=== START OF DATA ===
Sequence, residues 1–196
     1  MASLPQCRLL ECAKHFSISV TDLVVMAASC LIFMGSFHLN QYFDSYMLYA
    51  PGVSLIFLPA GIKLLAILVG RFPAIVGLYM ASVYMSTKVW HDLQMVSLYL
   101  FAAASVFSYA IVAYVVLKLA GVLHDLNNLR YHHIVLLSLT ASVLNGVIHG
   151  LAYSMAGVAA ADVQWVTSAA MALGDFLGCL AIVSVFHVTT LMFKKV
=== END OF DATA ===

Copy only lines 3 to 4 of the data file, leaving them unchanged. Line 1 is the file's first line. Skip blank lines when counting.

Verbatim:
    51  PGVSLIFLPA GIKLLAILVG RFPAIVGLYM ASVYMSTKVW HDLQMVSLYL
   101  FAAASVFSYA IVAYVVLKLA GVLHDLNNLR YHHIVLLSLT ASVLNGVIHG